And what processes might enable and enrich our perceptive audience?
Then what expression might most fully encompass and engender such intent?

In years passed I may have attempted to convey my celebratory revelation through pigment and brush in two dimensional convention, and by such means I admit much good work may be done. But more recently my impatience and disappointed expectation of painterly effectiveness alone has led me to question and explore more direct experiential means to communicate and impress. For many to even see a wild animal of any kind in its indigenous environment is beyond sensible imagination (and often interest) let alone the more intimate or unusual moment described above.

So how can a simple but powerful experience, or beautifully rendered image, of such a strange or alien beast inspire or stimulate interest or empathy to the plight of our fertile earth? Carl Jung would possibly venture ideas of a collective subconscious, of a pertinent potent primal connective language of symbols through which we might communicate our intrinsic nature, and through which our latent sensitivity to an ecological sensibility might be positively catalyzed. Despite a partial belief in such psychological process and invention, I would rather rely on a more direct approach – to create environments and events to allow first hand contact and reflection upon our relationship with such primitive earthly and animate experience.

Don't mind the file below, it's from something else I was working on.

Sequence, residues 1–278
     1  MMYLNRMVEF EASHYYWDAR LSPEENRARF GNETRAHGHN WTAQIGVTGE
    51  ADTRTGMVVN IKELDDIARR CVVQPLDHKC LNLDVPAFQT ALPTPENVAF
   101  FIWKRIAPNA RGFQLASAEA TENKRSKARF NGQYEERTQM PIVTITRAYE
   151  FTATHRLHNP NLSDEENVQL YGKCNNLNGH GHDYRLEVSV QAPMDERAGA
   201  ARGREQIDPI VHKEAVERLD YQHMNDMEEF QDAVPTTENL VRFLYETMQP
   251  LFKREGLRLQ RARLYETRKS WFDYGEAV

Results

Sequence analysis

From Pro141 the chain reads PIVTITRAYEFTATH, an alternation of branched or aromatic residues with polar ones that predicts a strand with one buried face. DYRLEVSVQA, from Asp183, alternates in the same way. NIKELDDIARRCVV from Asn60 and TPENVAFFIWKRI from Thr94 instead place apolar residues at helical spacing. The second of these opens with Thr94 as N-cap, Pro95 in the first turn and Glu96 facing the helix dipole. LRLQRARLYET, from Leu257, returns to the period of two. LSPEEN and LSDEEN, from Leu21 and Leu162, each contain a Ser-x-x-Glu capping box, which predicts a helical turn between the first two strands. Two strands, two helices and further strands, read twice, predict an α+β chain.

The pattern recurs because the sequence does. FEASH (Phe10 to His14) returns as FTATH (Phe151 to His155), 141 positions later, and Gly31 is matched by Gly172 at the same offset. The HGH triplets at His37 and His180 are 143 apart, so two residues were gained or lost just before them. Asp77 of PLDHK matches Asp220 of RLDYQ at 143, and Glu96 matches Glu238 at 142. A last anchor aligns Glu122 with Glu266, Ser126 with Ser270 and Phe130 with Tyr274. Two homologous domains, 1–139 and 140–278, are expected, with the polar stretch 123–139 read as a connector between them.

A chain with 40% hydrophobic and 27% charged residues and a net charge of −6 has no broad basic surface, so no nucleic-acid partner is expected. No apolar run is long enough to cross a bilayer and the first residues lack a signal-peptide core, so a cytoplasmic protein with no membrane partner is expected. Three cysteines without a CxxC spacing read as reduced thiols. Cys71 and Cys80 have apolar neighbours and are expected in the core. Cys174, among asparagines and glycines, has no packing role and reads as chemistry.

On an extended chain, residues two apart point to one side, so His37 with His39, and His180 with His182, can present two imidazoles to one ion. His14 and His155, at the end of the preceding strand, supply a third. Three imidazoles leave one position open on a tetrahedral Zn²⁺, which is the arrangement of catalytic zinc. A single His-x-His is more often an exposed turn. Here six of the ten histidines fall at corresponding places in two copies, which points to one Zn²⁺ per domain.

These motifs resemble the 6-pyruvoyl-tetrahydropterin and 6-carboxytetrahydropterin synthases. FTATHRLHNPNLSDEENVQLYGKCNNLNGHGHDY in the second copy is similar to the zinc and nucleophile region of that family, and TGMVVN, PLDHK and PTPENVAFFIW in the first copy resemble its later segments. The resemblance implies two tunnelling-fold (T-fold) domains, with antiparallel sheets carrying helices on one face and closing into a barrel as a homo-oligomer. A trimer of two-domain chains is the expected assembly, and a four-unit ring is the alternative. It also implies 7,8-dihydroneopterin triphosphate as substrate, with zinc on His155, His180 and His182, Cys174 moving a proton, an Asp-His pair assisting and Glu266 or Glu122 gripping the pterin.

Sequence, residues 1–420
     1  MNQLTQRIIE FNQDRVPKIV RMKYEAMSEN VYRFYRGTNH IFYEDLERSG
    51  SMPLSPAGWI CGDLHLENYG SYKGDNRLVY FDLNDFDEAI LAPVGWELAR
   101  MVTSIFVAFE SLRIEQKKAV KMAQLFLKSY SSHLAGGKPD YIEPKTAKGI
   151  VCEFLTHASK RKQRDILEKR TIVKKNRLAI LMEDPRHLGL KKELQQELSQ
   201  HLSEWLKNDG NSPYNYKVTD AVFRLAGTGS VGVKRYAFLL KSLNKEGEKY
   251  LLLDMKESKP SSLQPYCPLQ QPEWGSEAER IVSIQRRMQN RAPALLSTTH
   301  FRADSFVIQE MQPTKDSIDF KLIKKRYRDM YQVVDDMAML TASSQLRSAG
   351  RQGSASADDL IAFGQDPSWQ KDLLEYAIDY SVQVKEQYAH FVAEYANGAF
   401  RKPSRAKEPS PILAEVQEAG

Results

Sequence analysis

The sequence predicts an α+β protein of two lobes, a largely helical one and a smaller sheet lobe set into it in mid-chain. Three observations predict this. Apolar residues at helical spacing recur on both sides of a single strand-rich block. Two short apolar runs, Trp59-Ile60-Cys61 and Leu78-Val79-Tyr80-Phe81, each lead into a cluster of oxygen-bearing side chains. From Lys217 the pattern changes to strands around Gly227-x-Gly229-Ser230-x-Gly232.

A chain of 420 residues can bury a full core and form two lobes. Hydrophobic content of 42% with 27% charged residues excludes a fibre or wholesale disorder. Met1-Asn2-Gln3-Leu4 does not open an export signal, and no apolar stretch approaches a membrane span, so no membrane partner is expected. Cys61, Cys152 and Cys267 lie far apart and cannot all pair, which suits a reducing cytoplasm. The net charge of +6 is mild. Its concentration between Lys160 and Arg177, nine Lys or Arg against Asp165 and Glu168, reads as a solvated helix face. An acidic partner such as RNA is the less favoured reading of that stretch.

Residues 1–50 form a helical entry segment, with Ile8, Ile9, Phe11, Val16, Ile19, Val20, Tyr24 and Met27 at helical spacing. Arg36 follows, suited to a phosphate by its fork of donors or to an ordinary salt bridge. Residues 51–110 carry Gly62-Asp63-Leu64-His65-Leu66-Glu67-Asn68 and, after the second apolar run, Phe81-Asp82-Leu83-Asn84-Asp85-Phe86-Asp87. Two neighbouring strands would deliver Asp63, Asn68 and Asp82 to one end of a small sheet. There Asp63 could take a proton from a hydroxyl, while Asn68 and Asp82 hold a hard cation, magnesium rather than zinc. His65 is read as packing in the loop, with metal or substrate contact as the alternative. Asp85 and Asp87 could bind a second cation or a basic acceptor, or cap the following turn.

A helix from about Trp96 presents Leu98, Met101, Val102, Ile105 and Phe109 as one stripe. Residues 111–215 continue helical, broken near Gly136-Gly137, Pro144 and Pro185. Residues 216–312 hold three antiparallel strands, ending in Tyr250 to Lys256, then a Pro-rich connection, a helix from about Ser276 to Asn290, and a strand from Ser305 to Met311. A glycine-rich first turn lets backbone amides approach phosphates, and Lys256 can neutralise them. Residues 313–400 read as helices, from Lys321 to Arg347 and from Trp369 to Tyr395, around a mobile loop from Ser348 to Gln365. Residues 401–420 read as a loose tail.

To look directly into the eye of a wild beast, large or small, in its own immanently charged habitat while it also gazes back is surely the most honest holistic approach. The experience might not be enjoyed, indeed it might deeply unsettle and confound those of a more urban inclination, but to purposively avoid the mostly convoluted medium of civilized technologies can but provide participants with a profound connection to something beyond the everyday. The challenge, it seems, is to create and provide circumstance for such experience within this consumer-biased society, and invent an inclination to participate; to make such experience part and parcel of our indigenously inspired education, and to thus inform ourselves of our innate interdependency and respect for this place in which we live.

 2 orange spots, alice holt (pward 2012)